Department of Ag records review increases list of potential Charlotte’s Web-qualified nurseries to 39
Now there are 39 Florida nurseries who might be qualified to grow marijuana, according to the Florida Department of Agriculture and Consumer services.
After initially determining that 21 Florida growers met two key requirements to bid for one of the five cannabis licenses the state could issue under SB 1030, assuming Gov. Rick Scottsigns that bill, the department decided to do a review of records. The department reports it has found 18 more that could qualify, including six more in Central Florida.
There now are perhaps 10 nurseries in Central Florida that are big enough and old enough to be qualified candidates for one of those potentially lucrative licenses, which would give companies monopolistic authority in northeast, northwest, central, southwest or southeast Florida to grow, process and sell marijuana product to qualified patients with cancer or intractable seizures or tumors.
The law would limit cannabis cultivation only to plants bred to produce an extract oil widely known by the brand name “Charlotte’s Web.” These plants have a very low THC level — THC is the chemical that gets people high — and a very high CBD level. CBD is the extract believed to have therapeutic effects on certain cancerous tumors and seizure and tremor disorders such as epilepsy and Parkinson’s disease.
The law restricted the business to nurseries that are registered with the Department of Agriculture to have at least 400,000 plants for sale, and which have been in continuous business in Florida for at least 30 years. Because the departments’ digital records go back only 26 years, the initial list was incomplete, officials said.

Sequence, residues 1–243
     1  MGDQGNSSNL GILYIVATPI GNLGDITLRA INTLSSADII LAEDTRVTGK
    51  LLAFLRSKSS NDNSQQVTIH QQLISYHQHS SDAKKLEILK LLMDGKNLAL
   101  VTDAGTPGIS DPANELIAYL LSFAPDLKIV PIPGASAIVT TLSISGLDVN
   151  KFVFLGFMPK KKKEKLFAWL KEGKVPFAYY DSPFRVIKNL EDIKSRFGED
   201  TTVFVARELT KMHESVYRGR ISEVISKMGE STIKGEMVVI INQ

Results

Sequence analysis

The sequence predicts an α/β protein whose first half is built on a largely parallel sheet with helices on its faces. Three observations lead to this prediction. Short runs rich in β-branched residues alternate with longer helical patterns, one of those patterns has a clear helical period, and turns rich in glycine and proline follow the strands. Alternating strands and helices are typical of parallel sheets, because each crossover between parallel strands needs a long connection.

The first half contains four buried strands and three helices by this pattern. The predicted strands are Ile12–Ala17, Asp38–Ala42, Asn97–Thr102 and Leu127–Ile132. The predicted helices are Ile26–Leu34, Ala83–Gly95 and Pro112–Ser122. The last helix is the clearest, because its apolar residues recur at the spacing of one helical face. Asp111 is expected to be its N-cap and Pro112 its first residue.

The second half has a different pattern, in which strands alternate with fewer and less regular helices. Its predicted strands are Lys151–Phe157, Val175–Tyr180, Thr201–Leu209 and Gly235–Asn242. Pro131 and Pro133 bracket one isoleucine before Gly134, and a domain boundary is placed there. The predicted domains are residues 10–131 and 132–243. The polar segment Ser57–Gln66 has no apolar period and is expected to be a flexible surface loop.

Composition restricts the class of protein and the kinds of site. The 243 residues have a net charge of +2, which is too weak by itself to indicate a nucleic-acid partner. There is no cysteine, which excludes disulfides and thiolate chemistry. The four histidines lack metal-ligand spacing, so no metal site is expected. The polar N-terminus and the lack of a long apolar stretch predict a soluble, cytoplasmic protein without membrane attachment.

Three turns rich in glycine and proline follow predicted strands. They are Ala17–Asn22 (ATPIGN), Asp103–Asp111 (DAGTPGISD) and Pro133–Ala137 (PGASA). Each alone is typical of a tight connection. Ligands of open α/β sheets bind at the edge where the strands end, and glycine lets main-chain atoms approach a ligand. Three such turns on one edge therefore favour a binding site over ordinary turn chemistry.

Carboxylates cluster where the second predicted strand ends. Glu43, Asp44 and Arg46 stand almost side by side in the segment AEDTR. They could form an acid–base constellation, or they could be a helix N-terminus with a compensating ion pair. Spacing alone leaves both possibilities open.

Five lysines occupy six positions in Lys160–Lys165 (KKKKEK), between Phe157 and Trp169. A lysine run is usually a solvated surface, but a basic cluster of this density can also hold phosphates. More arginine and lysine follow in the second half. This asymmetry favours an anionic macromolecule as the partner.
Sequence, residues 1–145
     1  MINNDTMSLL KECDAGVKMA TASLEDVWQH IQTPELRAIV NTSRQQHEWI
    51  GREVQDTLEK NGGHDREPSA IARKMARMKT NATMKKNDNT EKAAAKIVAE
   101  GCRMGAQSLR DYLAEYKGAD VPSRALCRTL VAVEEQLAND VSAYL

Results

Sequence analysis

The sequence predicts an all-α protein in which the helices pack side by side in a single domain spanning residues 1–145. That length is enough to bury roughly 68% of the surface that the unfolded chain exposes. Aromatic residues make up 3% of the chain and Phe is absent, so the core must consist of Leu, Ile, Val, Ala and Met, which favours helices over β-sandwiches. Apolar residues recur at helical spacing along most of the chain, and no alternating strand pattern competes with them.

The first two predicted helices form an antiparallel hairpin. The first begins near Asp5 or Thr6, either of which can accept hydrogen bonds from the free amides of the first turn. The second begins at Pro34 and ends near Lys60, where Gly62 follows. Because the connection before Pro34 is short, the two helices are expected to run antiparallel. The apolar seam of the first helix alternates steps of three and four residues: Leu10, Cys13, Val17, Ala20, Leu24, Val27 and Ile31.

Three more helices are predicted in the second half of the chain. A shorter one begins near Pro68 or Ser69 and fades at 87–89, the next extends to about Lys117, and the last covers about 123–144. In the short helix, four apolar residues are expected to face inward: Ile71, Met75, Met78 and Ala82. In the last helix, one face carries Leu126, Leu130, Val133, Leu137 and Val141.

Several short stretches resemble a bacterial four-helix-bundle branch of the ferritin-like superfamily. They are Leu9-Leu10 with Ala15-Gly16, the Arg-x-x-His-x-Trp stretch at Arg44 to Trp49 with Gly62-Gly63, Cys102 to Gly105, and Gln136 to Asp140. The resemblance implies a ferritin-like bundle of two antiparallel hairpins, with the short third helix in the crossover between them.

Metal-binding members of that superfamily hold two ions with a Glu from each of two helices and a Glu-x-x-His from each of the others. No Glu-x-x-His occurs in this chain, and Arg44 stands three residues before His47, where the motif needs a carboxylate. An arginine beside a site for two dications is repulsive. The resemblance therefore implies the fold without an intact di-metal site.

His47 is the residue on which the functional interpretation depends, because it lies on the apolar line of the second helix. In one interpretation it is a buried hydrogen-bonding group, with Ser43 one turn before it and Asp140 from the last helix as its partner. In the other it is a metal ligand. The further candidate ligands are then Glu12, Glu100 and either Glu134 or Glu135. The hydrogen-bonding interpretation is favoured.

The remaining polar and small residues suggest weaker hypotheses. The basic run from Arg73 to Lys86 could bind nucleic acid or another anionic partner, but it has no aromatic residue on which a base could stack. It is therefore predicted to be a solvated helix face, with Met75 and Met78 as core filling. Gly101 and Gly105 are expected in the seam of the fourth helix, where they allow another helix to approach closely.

There are some other requirements, but those involve company finances, background checks and growing and processing procedures that all would have to be reviewed by the Florida Department of Health, once a company decides to try to pursue a license.
The original 21 growers identified as meeting those criteria included Jon’s Nursery in Eustis and Peckett’s in Apopka. In addition, at least two South Florida companies, Costa Farmsand Deleon’s Bromeliads, have substantial operations in Central Florida. Costa just bought Hermann Englemann Greenhouses in Apopka last week.
With the review, the department is adding to the list with Dewar Nurseries in Apopka;Knox Nursery in Winter Garden; McCrory’s Sunny Hill Nursery in Eustis;Rasnake Citrus Nursery of Winter Haven; Transplant Growers of Sorrento; and W.E. Green & Sons Citrus Nursery in Dundee. Hermann Englemann also was qualified.
Still, the list of 39 is far shorter than the list of 7,001 registered nurseries in the state. Some of them, and many non-nursery operators have protested that the law so narrowly restricted who may get into the medical marijuana business. The law was passed by the Legislature two weeks ago, and Scott hasn’t even signed it yet, but already there is talk of legal challenges by potential cannabis growers who are not on the list of qualified growers.
The list may grow a little more. Further reviews might find more.
“The list is still in progress and could change,” said DoA spokeswoman Erin Gillespie.